Now South Africa's healthcare system can essentially be divided into public and private. Out of 49 million people, some 8 million are covered by health insurance, referred to as medical schemes. It is a system where the scheme makes no profit but those who are paid from it - private hospitals, doctors, et cetera - do. Up until a short while ago, the division may have appeared racial. Most of those with health insurance were white, while blacks mainly used the public health system. But now, of the eight million with health insurance, approximately half are black. The private healthcare system features world-class hospitals, the most advanced equipment and the best doctors - for most will work where they can earn the best salary.
The majority of those using the public health system are still black and poor. The starkest contrast between public and private healthcare in South Africa is to be found not in the colour of its patients but in the facilities it offers. Run-down buildings, missing medication and widespread corruption characterise the public health system, and not a day passes without a story about broken equipment leading to deaths or facilities closing because they cannot afford to pay their creditors. 40 million South Africans - and an additional approximately three million refugees - must rely on a system that is falling apart.
It is a different apartheid.
"Our people need proper housing, not ghettos like Soweto." These were the words of Nelson Mandela to tens of thousands at Soweto's Soccer City Stadium just one day after his release from 27 years behind bars in 1990. Soweto, whose name is taken from the first two letters of "South Western Townships", was known as the capital of black South Africa. Originally established for labourers in western Johannesburg's mines in the late 19th century, it became home to black families forcibly removed from areas around Johannesburg and other parts of the country.
Today, Soweto has become a microcosm of the prosperity, poverty and everything in between experienced by the black population of today's South Africa. "Our country will never be prosperous or free until all our people live in brotherhood, enjoying equal rights and opportunities," read the Freedom Charter. However, just opposite the raitracks near Water Sisulu Square are rickety, one-room homes with roofs made from corrugated zinc. Inside the narrow alleyways where children run shoeless lives 41-year-old Bob Nameng, the founder of Soweto Kliptown Youth. SKY provides shelter to more than 70 black children from impoverished communities in and around Johannesburg. Nameng listed a number of difficulties that Kliptown and other poor Sowetan communities face, and said the government is making little effort to fix them. "The situation is getting worse and worse," he said. Crime, drug use, HIV and rape continue to be real fears for communities across the country, and especially in densely populated areas like Soweto.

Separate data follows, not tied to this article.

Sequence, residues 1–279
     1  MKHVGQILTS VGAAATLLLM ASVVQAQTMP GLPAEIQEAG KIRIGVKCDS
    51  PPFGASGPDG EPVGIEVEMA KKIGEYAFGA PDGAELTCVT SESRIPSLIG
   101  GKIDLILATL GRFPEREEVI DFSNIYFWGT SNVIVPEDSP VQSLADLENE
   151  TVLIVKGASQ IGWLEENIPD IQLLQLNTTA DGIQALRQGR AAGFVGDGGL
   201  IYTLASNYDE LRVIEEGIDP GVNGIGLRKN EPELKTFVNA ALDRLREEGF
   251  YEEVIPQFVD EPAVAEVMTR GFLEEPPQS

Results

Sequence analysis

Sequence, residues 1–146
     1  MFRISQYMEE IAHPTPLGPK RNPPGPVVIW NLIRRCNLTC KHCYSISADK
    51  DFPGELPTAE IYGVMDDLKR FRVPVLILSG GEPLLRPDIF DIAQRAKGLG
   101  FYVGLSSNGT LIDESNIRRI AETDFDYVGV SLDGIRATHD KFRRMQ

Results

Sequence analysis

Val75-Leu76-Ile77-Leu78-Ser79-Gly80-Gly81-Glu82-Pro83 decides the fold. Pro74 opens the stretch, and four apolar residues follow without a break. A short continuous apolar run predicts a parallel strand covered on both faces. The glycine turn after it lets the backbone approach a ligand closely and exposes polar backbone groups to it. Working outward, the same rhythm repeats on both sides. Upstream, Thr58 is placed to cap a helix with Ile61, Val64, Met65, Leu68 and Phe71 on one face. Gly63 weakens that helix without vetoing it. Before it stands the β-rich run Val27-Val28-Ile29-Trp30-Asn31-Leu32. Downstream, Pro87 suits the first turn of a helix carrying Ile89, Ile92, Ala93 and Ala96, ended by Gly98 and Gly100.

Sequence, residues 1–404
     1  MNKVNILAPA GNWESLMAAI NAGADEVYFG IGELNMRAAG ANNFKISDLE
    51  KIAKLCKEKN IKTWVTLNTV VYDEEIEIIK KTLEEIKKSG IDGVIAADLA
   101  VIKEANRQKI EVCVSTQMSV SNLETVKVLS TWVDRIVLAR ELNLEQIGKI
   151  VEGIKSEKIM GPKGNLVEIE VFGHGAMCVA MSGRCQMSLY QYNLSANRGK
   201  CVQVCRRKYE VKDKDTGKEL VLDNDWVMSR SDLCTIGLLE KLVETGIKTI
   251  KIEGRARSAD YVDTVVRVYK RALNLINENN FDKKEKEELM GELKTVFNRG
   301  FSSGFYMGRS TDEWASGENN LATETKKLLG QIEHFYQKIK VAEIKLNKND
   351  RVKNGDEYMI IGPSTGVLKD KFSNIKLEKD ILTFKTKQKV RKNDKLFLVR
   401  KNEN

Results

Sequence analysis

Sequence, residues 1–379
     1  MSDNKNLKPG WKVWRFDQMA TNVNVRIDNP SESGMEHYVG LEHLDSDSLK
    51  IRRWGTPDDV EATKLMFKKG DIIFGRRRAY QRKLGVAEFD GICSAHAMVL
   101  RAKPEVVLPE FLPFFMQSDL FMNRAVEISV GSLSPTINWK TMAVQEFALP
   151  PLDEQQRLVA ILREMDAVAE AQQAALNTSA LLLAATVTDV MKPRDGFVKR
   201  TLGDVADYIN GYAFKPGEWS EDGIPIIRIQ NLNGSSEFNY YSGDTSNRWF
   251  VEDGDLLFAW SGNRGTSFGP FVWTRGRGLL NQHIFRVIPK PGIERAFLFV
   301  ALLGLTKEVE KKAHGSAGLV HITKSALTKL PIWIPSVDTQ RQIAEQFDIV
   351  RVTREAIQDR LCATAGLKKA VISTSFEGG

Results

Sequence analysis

Shops like McDonalds, KFC, Timberland and Levi's opening at the Maponya Mall which has received widespread praise as the first of its kind in an area like Soweto. Nameng isn't excited. "I feel it's a monster, it's swallowed so many small businesses. It's deprived so many poor women and youth a chance to be able to put bread on their table." The poor people from the area now have to travel miles into Johannesburg to find affordable goods that are no longer available in Soweto. Nameng, like many blacks in South Africa, have grown disheartened by the post-apartheid era as most of the country's land and wealth has remained in the hands of the white minority. "At first we were complaining about the white government, which was the oppressor. Fine, so we've got a black government now in power. What now? It's the same old boring song," Nameng said